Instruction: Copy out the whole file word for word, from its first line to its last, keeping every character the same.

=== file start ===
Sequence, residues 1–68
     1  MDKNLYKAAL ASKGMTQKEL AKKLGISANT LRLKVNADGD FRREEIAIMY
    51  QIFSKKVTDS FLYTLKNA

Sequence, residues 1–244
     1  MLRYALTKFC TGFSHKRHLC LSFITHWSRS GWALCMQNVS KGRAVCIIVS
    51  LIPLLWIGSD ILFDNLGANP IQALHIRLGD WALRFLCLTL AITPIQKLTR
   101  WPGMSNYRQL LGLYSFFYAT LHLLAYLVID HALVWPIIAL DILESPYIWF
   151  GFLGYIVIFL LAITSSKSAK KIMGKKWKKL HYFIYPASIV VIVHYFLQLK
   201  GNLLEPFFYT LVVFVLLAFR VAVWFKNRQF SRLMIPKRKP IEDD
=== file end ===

Sequence, residues 1–68
     1  MDKNLYKAAL ASKGMTQKEL AKKLGISANT LRLKVNADGD FRREEIAIMY
    51  QIFSKKVTDS FLYTLKNA

Sequence, residues 1–244
     1  MLRYALTKFC TGFSHKRHLC LSFITHWSRS GWALCMQNVS KGRAVCIIVS
    51  LIPLLWIGSD ILFDNLGANP IQALHIRLGD WALRFLCLTL AITPIQKLTR
   101  WPGMSNYRQL LGLYSFFYAT LHLLAYLVID HALVWPIIAL DILESPYIWF
   151  GFLGYIVIFL LAITSSKSAK KIMGKKWKKL HYFIYPASIV VIVHYFLQLK
   201  GNLLEPFFYT LVVFVLLAFR VAVWFKNRQF SRLMIPKRKP IEDD